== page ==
Dan initially explained his understanding of the community link contract. It contains rules for membership in a community and for processing incoming connect requests. These rules can control filtering and automatic acceptance of the connect request. Dan’s original understanding was that users can choose a community, which would add the community contract to their graph. The user can not change the community contract, but may add their own rules “on top of it”, which may create a “chain” of link contracts.

Drummond replied that the community contract is just a suggestion that everyone can arbitrarily modify. If you join a community, you voluntarily use its community link contract. We then entered into a discussion about use cases where this may or may not be appropriate. Drummond emphasized that a fundamental design goal of XDI is that every authority in a network has full control over the link contracts it enters into, i.e. can always edit them. Every node in the network enforces its own (and only its own) link contracts.

We then had the idea that even though every node enforces only its own link contracts, a community may require that a node’s community link contract must enforce certain rules. We noticed that for what we had been calling the “community link contract”, there would really be a “community link contract template” in the CA’s graph, which gets instantiated in the graph of all community members. Drummond added that usually a “community link contract template” would be designed with customization in mind to give community members some guidance and options when setting their rules for incoming connect requests.

The instantiated community link contracts may have to be signed (approved) by the CA to ensure it meets the community’s requirements. Dan added that some of these community requirements may be required, and some may be optional.

Dan asked about the use case where a user may not want to be part of a community, but still have a way to filter incoming connect requests. Drummond felt that then the public link contract template would be used.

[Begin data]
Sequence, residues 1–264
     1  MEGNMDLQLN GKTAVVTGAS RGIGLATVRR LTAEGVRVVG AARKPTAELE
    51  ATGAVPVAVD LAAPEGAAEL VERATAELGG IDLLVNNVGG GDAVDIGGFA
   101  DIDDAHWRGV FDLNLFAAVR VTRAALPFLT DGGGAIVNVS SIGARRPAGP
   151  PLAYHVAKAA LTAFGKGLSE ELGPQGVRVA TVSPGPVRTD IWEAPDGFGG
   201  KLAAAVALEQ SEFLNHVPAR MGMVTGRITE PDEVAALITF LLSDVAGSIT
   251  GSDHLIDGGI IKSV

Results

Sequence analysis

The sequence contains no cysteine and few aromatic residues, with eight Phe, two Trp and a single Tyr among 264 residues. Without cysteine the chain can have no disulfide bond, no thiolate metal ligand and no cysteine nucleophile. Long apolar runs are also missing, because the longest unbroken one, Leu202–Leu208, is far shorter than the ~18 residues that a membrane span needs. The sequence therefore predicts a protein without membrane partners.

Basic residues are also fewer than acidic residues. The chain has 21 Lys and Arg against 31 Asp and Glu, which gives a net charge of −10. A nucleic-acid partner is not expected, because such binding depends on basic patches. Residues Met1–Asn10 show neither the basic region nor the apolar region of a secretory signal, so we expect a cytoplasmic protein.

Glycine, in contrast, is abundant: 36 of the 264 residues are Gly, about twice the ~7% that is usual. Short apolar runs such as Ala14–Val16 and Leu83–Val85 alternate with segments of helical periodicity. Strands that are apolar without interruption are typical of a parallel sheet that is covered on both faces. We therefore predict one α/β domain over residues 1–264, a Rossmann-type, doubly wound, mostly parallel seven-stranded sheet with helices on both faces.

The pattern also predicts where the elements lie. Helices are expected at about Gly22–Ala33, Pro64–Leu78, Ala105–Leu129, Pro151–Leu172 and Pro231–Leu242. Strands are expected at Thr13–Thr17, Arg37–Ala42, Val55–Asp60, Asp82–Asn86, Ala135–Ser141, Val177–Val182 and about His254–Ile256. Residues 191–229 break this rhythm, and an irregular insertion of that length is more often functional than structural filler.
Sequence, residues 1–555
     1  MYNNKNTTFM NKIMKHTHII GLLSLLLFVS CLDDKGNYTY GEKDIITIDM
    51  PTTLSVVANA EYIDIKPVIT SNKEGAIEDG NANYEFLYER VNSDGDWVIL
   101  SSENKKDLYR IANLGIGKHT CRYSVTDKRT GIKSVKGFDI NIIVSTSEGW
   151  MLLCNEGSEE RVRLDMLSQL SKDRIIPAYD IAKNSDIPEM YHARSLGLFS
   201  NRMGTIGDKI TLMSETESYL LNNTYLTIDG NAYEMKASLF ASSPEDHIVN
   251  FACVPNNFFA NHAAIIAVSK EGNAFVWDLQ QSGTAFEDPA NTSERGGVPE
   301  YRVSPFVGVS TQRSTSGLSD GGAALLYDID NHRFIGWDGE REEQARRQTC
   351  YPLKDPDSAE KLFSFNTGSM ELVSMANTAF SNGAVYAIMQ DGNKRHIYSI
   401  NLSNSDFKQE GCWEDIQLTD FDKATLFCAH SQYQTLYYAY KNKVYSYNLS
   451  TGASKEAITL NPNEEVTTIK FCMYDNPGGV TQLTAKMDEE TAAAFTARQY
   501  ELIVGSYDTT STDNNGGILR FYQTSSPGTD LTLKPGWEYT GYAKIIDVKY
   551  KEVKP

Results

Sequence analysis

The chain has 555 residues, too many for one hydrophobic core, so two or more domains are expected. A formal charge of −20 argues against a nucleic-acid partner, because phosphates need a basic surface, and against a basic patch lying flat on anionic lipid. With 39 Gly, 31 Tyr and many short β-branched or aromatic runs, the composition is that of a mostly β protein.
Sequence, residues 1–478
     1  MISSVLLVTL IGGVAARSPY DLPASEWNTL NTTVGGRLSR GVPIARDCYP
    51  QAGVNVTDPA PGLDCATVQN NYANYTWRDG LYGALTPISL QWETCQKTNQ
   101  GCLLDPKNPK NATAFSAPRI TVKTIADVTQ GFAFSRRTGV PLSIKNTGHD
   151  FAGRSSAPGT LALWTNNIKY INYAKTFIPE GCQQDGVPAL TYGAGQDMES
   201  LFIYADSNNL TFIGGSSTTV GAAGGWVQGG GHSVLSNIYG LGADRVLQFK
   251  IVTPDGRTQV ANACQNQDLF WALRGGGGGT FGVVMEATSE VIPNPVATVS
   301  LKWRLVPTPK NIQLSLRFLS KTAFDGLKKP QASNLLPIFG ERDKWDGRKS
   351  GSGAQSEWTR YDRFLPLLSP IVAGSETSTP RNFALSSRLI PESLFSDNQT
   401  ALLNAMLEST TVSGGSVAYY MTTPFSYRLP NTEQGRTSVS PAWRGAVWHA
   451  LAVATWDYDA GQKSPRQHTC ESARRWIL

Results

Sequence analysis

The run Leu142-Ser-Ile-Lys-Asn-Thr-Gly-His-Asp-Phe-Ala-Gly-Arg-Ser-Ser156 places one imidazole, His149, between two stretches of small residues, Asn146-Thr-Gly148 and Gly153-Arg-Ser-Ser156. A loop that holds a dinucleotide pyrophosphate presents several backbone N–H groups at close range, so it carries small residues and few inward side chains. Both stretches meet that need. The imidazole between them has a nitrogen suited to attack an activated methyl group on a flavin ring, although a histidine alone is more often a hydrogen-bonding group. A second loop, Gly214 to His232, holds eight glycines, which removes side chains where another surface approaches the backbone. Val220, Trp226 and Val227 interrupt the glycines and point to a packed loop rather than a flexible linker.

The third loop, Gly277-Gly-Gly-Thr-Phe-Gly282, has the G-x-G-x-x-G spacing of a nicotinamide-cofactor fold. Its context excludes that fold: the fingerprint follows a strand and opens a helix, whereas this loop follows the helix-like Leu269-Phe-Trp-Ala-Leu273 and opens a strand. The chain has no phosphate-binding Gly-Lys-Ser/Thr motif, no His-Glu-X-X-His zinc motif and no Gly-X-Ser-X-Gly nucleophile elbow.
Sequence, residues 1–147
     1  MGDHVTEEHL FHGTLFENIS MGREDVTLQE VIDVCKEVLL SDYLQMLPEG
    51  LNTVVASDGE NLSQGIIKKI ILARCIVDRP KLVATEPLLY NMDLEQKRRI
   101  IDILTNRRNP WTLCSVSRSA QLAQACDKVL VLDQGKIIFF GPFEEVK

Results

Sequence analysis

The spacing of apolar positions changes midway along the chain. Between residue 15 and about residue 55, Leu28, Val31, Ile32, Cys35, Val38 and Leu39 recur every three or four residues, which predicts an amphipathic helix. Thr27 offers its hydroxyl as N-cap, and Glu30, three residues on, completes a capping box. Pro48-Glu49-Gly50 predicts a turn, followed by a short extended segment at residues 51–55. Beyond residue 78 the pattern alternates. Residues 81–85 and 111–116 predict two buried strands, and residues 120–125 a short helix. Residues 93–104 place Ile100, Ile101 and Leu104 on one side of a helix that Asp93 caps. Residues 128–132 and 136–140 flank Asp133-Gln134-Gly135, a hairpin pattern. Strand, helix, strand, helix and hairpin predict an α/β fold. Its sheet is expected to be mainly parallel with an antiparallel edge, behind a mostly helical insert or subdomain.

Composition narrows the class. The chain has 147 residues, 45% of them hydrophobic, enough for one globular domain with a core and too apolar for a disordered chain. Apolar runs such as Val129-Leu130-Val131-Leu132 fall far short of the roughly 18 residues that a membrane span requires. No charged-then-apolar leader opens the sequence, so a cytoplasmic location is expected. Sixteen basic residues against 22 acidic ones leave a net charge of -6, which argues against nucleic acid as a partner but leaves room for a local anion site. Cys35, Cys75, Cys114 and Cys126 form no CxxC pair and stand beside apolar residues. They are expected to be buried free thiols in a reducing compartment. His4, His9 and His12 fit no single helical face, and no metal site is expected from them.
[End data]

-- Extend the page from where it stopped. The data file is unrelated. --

We also asked how it would be possible for an RA to know which communities an AA is a member of? We agreed this information could be publicly available using the XDI discovery process.

Finally, we liked the idea of using the term “connect” instead of “link contract instantiation”, including for the name of the spec that covers this part of XDI.

How do “deferred” link contract instantiation requests look like?

[Notes by Markus]

We did not discuss this question during the call. Dan however reported that he and Markus have recently spent a lot of time discussing link contract instantiation requests, including “deferred” ones. Drummond requested that a summary of these discussions be sent to the TC.

Variables and variable collections

We have been using variables such as {$from} or {$msg} or {$do}.

It seems we have consensus on variable syntax, but we may need to discuss in more detail how variables are processed.

Transactional integrity

We have discussed the topic of transaction integrity a number of times in the past without reaching a conclusion. This seems to now have new relevance in conjunction with link contract instantiation.

The following document has a section titled “XDI Message Transactional Integrity Notes”, let’s review and discuss:



The next call is next week at the regular time.